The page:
Reporter’s Notebook: Documentary on threats, and dedication, to journalism resonates with young audience
Editor’s note: Last January, Tijuana journalists Margarito Martinez and Lourdes Maldonado were slain less than a week a part. In response to the killings and the slayings of other journalists in Mexico (about 130 have been killed in the past 30 years), the Union-Tribune Studio Productions produced a documentary that captures the commitment and dedication of Tijuana journalists while they face the fear of dying for doing their work.
The nearly 30-minute film, “Journalism at Risk,” made its debut Oct. 15 at the Festival of Journalism in San Diego. Last Saturday the documentary was shown at the Centro Cultural de Tijuana. U-T staff members who created the film, titled “Periodismo en Riesgo” in Spanish, presented the work, and were moved by the audience. A multitude of young journalists had streamed in, and like their older colleagues, their resolve to tell Tijuana’s story remains steadfast.
Following are the reflections of U-T visual journalist Alejandro Tamayo on the showing last Saturday:
After we presented Journalism at Risk at The San Diego Union-Tribune Festival of Journalism, I felt like we were done. We had created a solid documentary series and presented it to a mid-size audience at SDSU. Gaby Martinez and Inez Garcia (subjects of the documentary) were present for a Q&A after.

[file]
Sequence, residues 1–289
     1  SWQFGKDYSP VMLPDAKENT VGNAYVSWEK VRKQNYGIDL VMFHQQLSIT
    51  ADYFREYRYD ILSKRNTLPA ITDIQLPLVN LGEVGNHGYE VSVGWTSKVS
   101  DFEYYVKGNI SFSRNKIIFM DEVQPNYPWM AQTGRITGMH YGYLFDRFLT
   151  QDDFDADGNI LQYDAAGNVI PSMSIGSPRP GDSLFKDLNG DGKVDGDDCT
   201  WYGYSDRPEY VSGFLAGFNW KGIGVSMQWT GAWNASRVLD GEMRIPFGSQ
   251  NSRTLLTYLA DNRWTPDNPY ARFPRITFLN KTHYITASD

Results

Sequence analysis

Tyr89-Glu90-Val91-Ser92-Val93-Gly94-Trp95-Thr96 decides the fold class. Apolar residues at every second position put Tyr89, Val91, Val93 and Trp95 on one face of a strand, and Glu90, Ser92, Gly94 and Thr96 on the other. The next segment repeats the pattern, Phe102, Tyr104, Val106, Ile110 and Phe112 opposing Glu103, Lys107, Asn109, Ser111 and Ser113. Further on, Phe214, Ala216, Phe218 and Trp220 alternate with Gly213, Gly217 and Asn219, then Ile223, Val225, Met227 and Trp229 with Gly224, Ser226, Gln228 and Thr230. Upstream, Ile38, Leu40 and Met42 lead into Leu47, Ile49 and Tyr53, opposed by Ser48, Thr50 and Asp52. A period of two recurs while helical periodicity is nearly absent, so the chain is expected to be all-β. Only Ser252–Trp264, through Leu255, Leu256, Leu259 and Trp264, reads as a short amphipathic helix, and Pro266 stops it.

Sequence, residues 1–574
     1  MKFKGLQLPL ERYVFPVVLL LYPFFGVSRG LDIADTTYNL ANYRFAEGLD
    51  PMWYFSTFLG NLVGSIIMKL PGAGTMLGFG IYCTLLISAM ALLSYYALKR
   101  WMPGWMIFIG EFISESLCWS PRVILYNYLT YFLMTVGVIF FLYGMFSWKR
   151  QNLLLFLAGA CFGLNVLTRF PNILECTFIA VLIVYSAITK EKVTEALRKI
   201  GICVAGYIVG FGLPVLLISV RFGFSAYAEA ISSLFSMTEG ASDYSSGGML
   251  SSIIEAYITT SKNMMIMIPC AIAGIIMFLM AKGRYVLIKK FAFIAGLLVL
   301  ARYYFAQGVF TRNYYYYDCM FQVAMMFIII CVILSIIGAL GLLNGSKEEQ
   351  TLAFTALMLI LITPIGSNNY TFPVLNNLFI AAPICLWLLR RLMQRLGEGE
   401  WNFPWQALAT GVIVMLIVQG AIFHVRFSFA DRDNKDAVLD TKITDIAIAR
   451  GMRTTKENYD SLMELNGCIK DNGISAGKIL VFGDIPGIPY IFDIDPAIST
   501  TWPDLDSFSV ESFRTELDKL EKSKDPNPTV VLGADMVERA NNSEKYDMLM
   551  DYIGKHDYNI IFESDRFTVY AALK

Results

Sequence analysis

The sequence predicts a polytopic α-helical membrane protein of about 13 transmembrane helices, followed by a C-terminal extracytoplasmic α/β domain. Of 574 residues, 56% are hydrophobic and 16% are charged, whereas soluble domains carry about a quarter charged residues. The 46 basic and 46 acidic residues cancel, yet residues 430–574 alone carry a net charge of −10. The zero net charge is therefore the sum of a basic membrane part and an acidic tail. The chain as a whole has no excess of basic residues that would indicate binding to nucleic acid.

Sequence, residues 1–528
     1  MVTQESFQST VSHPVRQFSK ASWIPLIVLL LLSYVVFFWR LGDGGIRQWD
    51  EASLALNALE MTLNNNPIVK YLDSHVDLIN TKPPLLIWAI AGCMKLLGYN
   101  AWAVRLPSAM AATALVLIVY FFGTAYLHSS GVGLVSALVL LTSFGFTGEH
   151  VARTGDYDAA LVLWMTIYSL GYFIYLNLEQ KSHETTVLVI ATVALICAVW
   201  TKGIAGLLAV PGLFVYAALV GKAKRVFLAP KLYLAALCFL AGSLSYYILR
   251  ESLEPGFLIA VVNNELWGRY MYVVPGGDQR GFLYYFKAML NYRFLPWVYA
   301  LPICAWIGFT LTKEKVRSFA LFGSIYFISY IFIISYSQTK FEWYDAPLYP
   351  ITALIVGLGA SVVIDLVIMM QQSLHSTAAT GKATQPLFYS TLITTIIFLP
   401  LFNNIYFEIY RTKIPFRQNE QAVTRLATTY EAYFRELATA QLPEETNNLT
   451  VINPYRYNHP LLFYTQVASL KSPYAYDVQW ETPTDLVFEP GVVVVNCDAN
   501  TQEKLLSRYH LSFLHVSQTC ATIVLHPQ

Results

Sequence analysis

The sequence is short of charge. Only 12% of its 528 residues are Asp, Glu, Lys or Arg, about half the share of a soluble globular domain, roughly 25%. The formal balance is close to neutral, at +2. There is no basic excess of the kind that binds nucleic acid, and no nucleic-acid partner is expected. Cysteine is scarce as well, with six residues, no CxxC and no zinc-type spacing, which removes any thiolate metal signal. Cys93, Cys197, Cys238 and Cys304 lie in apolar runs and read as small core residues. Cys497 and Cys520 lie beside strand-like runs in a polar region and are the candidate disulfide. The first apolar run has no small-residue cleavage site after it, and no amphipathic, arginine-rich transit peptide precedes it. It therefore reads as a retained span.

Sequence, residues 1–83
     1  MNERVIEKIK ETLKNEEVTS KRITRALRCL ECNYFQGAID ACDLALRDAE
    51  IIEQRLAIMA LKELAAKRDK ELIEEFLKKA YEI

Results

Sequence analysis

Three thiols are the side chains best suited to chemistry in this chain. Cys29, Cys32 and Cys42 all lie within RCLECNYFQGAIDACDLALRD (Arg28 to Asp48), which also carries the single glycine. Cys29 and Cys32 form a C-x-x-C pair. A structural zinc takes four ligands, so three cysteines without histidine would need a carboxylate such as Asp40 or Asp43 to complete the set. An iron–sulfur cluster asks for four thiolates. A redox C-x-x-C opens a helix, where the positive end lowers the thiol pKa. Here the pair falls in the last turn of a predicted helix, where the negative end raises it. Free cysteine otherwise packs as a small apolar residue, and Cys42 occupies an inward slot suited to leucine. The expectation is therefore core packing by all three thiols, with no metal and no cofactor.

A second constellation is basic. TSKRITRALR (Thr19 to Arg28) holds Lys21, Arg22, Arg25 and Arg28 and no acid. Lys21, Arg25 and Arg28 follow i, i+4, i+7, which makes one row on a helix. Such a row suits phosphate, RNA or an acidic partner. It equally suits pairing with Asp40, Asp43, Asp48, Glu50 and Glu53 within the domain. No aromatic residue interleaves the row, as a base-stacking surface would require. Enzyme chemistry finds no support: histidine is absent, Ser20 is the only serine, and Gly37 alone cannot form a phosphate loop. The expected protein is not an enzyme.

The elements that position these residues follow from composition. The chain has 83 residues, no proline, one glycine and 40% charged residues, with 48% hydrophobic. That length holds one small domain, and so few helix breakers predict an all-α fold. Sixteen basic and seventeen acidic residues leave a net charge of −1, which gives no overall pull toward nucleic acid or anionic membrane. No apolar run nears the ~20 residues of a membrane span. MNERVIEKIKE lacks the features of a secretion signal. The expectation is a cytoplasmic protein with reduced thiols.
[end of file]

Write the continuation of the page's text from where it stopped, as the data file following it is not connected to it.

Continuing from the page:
My colleague Tania Navarro was not available to attend the Festival of Journalism and mentioned that it would be a good idea to present the series in Tijuana. Tania reached out, and after some emails, we arranged to screen Jan. 19. The date was important because it landed in the middle of the one-year anniversary of Margarito Martinez and Lourdes Maldonado murders.
We worked on the publicity and had to remove all English subtitles and text from the documentary and prepare for a Spanish-speaking audience.
On Jan. 19, Tania and I arrived early to prepare for the presentation. As soon as I arrived, I was greeted by journalism students from IBERO (a local university), and we were interviewed about the documentary. Soon students from different campuses started asking questions. Tania introduced the series, and for 28 minutes I could see the audience was captivated by the stories on screen.
When the piece ended, four of the documentary’s subjects — Inés García, Sonia De Anda, Gabriela Martínez and Aime Melo — came on stage with Tania and me for a Q&A. Once the lights came on, I could finally see how many people had come out to view our documentary. I was amazed by the size of the crowd, but even more amazed by who was asking the questions during the Q&A. Young journalism students asked about safety, violence and ethics.
I felt like the topic could have gone longer if we had the time. After the Q&A a few young journalists came to me for an interview. That night we had offers by different colleges who wanted us to screen Periodismo en Riesgo at their campuses.
I felt like this was the perfect venue and city for the documentary.
The U-T staff members who produced the film were Tamayo, Navarro, Sam Hodgson, Kristina Davis, Ana Ramirez, Lucia Serano, Alexandra Mendoza, and Wendy Fry.
The film, which also also can be seen as a five-part series of about five-minutes for each segment, can be viewed at: